ASP.NET 2.0 Forms Authentication Using Access Database

March 4, 2007 at 5:56 PMAmer Gerzic

Introduction

Authentication and authorization is one of the basic components of web application development. When I first started web development, I quickly realized that authentication and authorization of resources were performed in variety of ways. Throughout years, I developed variety of web applications, primarily for my own use. With arrival of ASP.NET 1.0, authentication and authorization were simplified. ASP.NET 2.0 takes this feature even further by providing the user with powerful tools to quickly implement authentication and authorization. With these tools, a user can utilize MS SQL 2005 Server, XML data source, MS Access database and other data sources to retrieve user information. In this article I will focus on bare minimum needed to implement forms authentication using access database.

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Posted in: ASP.NET | C#

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Enumerating System Devices on Windows

August 11, 2006 at 5:09 PMAmer Gerzic

Occasionally an application execution depends on installed devices. For example, USB memory card might be needed for storing/reading application specific files. But how do we know that such device is inserted/installed on the system?

Below is the code that enumerates all installed devices on a windows system.

HDEVINFO hInfoList = ::SetupDiGetClassDevs(NULL, NULL, NULL,
        DIGCF_PRESENT | DIGCF_ALLCLASSES | DIGCF_PROFILE);
if(hInfoList != INVALID_HANDLE_VALUE)
{
    SP_DEVINFO_DATA spdid;
    spdid.cbSize = sizeof(SP_DEVINFO_DATA); 

    DWORD dwIndex = 0;
    while(::SetupDiEnumDeviceInfo(hInfoList, dwIndex, &spdid))
    {
        CString strEntry = _T(""); 

        TCHAR szName[4096] = {0}; 

        if(::SetupDiGetClassDescription(&spdid.ClassGuid, 
                                        szName, 
                                        4096, 
                                        NULL))
        strEntry += szName;
        strEntry += " | "; 

        if(::SetupDiGetDeviceRegistryProperty(hInfoList, &spdid, SPDRP_DEVICEDESC, 0,
            (PBYTE)szName, 4096, 0))
        {
            strEntry += szName;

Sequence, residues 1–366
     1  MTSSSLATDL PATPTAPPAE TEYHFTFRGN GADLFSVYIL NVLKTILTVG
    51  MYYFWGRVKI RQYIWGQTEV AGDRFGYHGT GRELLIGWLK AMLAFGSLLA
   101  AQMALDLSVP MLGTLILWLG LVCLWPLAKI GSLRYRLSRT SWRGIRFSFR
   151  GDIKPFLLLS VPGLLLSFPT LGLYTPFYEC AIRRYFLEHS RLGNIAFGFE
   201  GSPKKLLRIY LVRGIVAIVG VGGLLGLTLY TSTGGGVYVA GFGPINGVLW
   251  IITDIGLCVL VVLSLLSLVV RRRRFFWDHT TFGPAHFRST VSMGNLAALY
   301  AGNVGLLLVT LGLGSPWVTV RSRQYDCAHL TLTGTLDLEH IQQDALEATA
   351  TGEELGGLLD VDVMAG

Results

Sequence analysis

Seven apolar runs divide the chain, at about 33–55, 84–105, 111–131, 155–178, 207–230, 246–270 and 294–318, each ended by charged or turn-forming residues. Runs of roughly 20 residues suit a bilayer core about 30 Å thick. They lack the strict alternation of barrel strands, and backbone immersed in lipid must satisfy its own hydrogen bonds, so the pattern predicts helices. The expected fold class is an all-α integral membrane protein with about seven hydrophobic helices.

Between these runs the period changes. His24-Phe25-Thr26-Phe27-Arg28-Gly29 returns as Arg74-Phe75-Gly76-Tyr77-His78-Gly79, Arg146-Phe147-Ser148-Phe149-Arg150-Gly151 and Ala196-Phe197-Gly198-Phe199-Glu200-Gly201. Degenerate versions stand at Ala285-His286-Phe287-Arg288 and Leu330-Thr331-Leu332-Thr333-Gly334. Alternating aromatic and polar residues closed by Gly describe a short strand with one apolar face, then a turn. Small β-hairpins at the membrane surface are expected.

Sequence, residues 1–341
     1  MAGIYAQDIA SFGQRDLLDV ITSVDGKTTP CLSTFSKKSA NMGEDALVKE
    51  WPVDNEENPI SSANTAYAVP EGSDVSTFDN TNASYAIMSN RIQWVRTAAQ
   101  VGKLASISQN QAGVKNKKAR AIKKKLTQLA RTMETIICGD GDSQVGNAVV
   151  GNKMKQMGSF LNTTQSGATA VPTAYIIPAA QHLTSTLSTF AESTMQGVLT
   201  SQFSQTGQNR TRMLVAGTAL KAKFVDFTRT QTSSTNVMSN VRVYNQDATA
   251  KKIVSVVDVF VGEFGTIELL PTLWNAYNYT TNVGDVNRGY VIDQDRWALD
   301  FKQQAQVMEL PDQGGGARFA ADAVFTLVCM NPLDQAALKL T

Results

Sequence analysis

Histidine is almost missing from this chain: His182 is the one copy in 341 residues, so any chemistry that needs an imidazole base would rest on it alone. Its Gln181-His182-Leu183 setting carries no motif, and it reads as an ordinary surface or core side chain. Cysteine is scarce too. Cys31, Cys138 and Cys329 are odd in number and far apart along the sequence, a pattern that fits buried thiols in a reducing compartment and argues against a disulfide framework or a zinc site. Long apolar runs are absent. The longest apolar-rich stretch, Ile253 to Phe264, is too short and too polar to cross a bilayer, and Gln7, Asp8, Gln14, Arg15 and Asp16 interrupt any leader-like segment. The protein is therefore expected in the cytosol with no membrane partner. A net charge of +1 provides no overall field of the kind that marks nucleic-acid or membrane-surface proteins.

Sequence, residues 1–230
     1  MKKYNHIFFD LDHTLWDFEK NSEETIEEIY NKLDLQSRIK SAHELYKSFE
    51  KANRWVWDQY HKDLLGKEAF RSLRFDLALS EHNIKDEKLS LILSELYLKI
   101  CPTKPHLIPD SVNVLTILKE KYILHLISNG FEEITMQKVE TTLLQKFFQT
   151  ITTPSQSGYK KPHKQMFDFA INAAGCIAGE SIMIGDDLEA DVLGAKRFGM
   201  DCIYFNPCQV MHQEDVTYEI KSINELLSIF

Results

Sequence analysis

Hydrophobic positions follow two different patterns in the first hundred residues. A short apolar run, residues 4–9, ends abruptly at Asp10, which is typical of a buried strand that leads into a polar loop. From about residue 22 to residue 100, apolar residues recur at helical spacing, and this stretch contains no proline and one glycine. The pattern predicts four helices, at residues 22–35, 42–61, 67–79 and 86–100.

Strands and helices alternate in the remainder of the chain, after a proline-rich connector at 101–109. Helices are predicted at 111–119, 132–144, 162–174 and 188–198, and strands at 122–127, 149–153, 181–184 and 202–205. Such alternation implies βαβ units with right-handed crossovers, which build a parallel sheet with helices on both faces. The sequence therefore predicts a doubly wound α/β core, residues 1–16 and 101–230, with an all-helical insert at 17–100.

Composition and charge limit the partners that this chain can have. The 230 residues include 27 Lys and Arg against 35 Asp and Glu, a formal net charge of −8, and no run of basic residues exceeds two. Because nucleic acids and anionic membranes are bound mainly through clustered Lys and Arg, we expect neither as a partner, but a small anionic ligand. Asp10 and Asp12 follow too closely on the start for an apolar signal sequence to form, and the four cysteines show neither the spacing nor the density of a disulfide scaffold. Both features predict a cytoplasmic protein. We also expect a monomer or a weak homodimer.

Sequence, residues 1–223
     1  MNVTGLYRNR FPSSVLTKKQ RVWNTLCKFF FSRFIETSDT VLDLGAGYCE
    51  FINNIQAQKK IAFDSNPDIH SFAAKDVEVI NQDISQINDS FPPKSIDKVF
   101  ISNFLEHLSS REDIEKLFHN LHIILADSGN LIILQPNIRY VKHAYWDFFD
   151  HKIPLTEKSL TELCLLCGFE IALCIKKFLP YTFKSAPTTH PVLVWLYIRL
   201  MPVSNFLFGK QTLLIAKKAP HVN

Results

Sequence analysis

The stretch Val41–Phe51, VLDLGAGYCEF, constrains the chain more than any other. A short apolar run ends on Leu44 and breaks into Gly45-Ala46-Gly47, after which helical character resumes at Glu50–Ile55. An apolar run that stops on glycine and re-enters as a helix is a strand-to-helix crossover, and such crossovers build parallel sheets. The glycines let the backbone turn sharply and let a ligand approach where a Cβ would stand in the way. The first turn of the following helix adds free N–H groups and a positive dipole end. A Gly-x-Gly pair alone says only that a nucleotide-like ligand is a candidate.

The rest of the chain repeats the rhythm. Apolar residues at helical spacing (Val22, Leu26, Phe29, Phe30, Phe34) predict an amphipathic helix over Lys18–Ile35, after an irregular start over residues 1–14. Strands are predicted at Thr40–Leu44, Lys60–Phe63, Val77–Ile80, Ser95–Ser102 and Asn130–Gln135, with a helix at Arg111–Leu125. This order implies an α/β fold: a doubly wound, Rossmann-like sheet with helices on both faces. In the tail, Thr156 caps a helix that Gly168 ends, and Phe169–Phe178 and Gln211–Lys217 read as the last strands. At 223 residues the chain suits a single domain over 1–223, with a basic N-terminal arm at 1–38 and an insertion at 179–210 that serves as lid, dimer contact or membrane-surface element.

}
        
        strEntry += " | "; 

        if(::SetupDiGetDeviceRegistryProperty(hInfoList, 
                &spdid, SPDRP_FRIENDLYNAME, 0, 
                (PBYTE)szName, 4096, 0))
        {
            strEntry += szName;
        } 

        m_DevList.AddString(strEntry); 

        ++dwIndex;
    }
} 

::SetupDiDestroyDeviceInfoList(hInfoList);

Posted in: CPP | Win32 API

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Programmatically determine endianess of the host machine

August 4, 2006 at 5:16 PMAmer Gerzic

Couple of days ago I was asked by a fellow software developer the question regarding endianess of host machine. The question was if there is an easy way to determine if a host machine is little or big endian. At first, I was somewhat shocked that such a simple question was not already answered throughout his carrier. But then I realized that he is a VB developer (no offense intended) and that he never had to deal with questions like this. Also, I realized with growing popularity of .NET and Java, the separation between software implementation and hardware is growing exponentially. It is reality that some software developers will probably spend whole life developing successful applications without even knowing that endianess exists. Is this a good or bad thing, I leave the reader to decide.

Getting back to the question, I wrote little example that would determine if machine is little or big endian. Here is the code:

#include <iostream>
using namespace std; 

int main(int argc, char* argv[])
{
    unsigned int x = 0x00000001;
    unsigned char *p = (unsigned char*)&x;
    if(p[0]=1)
        cout << "The machine is little-endian" << endl;
    else cout << "The machine is big-endian" << endl; 

    return 0;
}

Posted in: CPP | Win32 API

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Book Review: Programming MS Windows Driver Model

July 18, 2006 at 10:32 AMAmer Gerzic

Programming MS Windows Driver Model, by Walter Oney touches every aspect of Windows Driver Development. At first, the author describes "Basic Structure of a WDM Driver" and "Basic Programming Techniques". After covering basics, the author dives into dark areas of driver development. Driver development is based on Windows Driver Development Kit.

Generally, the book can be considered as valuable resource for every driver developer. However, on occasion, the reader is left wondering about certain details of a topic.

 

Posted in: Bookshelf

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HandHeld Pocket PC 2003 Automatic Software Installation

June 3, 2006 at 5:21 PMAmer Gerzic

Recently I had to write a program that runs on Pocket PC 2003 and utilizes built-in barcode scanner (HandHeld product). Writing software was simple; Installation was even simpler. However, every time I performed hard-reset, my newly installed software disappeared. I quickly noticed that HandHeld demos were installed automatically, so I started research. Looking on the web did not reveal much. I assumed that there is a special folder where such autoinstalls are stored. After short time I found the folder:

      IPSM/AutoInstall/

Simply copy *.cab file inside this folder and your program will be installed at each hard reset.

I looked into regular Pocket PC 2002 and could not find the same folder, which leads me to believe that this could be HandHeld device specific.

Posted in: PocketPC

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